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ACLU, others urge DeKalb County to change voter removal process

Avondale Estates campaign coverage Decatur Kirkwood Metro ATL

ACLU, others urge DeKalb County to change voter removal process

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A coalition of voting rights groups says the way DeKalb County removes some people from voter rolls is unlawful.

In August the Board of Elections purged several voters because they listed a transitional treatment facility, The Decatur Peer Support and Wellness Center, as their place of residence. The board said the voters’ eligibility had been challenged by the city of Decatur.

Sean Young with the ACLU of Georgia says under the law, only fellow residents can make an immediate challenge to a voter’s registration.

“The voter that is trying to challenge other voters need to step forward,  file challenge in their own name and state publicly why their fellow voters should be removed from the rolls,” Young said.

The agenda item for the Aug. 1 Board of Elections meeting said “the city of Decatur challenged those registered at 444 Sycamore Drive,” but in a letter Decatur’s city manager said it was the county that initiated the challenge.

In August, DeKalb County provided a letter written by Mary Frances Weeks, the retiring Administrative Coordinator for the Voter Registration and Elections office. In the letter, Weeks noted that she was the owner of the property in question and confirmed that there is “no one living there.” Weeks, however, was not mentioned in the Aug. 1 minutes in association with the challenge.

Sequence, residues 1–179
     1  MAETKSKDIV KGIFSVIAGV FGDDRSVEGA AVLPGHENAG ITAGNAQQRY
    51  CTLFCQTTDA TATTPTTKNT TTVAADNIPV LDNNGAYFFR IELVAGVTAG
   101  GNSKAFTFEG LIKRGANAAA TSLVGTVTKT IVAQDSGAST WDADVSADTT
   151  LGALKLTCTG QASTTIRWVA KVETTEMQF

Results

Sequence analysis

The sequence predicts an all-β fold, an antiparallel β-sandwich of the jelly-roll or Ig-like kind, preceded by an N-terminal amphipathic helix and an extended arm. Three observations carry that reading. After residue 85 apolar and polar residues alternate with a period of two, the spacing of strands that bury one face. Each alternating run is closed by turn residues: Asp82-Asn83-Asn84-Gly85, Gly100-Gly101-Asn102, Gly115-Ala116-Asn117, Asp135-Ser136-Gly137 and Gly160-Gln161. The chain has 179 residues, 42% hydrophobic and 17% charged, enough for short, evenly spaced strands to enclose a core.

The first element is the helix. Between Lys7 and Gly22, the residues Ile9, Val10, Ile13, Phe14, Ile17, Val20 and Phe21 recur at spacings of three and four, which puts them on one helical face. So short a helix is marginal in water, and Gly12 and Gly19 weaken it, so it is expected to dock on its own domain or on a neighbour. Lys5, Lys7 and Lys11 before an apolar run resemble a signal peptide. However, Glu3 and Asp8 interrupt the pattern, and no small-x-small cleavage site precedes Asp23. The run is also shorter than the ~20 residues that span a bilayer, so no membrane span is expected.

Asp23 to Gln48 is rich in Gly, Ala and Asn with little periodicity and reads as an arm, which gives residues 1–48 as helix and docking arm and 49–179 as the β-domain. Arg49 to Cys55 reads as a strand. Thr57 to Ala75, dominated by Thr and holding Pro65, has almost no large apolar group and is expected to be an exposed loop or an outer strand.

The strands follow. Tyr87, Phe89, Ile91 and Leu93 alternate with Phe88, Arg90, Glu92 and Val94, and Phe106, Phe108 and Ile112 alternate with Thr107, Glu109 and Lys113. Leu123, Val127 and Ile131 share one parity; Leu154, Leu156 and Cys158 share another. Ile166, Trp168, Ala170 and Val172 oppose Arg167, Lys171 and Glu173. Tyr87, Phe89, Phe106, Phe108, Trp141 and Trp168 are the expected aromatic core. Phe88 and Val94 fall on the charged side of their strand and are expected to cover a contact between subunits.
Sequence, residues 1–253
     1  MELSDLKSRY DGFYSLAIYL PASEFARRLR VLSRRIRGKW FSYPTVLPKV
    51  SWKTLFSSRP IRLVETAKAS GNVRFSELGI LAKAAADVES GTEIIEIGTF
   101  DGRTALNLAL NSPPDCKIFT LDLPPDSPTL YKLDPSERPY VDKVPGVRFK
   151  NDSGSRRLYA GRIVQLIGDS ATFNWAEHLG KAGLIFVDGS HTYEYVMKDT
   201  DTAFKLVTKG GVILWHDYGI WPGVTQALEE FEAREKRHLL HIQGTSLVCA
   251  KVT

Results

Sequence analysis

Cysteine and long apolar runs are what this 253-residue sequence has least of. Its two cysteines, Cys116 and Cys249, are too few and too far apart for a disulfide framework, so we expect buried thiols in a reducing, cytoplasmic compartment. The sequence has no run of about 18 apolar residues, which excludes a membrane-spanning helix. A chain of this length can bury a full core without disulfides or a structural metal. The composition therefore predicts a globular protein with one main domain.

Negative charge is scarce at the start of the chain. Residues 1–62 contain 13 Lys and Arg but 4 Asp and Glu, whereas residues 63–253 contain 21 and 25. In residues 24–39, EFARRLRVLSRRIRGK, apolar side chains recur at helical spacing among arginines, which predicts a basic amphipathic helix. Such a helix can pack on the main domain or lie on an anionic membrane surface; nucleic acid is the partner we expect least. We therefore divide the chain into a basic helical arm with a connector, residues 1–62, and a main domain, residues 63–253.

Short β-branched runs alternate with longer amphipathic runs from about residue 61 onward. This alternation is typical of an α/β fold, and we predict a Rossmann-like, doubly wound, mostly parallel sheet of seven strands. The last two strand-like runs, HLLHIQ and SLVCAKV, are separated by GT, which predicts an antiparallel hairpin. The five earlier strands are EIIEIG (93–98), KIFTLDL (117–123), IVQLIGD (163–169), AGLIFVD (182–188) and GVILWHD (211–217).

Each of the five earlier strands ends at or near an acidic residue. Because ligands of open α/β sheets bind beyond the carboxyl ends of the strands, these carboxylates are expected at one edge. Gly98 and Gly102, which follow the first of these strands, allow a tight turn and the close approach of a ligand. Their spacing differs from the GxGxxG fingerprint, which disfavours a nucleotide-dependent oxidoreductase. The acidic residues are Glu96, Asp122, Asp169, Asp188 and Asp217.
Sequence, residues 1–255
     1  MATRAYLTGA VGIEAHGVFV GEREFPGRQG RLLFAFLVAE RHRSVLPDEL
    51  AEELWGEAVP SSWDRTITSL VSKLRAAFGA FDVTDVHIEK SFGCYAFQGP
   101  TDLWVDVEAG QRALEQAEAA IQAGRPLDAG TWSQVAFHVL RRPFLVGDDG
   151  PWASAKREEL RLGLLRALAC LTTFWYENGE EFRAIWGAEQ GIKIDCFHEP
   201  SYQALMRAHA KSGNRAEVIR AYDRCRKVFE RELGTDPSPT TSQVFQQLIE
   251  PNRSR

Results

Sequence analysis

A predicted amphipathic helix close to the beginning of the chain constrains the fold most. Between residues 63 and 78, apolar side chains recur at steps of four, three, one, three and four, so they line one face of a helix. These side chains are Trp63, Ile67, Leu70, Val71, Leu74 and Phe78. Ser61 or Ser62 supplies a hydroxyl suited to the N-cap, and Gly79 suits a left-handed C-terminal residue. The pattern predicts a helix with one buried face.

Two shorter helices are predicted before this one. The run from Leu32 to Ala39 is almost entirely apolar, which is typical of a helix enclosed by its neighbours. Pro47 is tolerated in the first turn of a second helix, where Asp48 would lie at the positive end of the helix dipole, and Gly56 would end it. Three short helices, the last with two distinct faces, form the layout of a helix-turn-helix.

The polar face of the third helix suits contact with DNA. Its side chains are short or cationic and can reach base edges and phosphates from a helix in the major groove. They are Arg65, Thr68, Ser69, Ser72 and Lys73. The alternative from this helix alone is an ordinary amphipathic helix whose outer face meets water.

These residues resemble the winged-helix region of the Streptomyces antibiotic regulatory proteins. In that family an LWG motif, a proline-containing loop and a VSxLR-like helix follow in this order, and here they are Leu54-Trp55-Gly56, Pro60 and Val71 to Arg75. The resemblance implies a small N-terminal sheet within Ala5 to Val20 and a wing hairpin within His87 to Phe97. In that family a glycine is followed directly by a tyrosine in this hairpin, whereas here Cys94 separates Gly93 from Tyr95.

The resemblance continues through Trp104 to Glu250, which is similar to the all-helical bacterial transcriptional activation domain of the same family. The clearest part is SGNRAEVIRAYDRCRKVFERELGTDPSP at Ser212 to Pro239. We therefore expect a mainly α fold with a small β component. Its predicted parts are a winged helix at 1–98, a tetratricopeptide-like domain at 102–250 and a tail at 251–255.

The ACLU of Georgia on behalf of several groups sent a letter Wednesday to DeKalb County urging the Board of Elections to adopt new policies. The county has not provided a response to the letter.

Regardless of who initiated the challenge, the ACLU and DeKalb remain at odds over whether a business address can be used to register to vote.

“Nowhere in the law does it require registered voters to live in a house,” Young said. “Residence can mean different things to different people. What DeKalb did was kind of emblematic of the kind of obliviousness that elections officials have to the day-to-day reality that many people living on the margins face.”

The Georgia law covering residency for voting purposes reads, in part: “The residence of any person shall be held to be in that place in which such person’s habitation is fixed, without any present intention of removing therefrom.”

The Decatur Peer Support and Wellness Center allows individuals to stay up to three days per month.

In a statement given in August DeKalb’s Director of Voter Registration and Elections Erica Hamilton wrote that the facility is “not a place of residence.”

The voting rights groups, which include the ACLU of Georgia; Lawyers’ Committee for Civil Rights Under Law; the New Georgia Project and the Georgia Coalition for the Peoples’ Agenda, also cite federal law which mandates that voters removed from rolls be given two to four years notice.

“We’re hopeful that DeKalb County will do the right thing,” Young said. “But if they don’t follow our policies and procedures then all legal options are on the table.”

This story was provided by WABE

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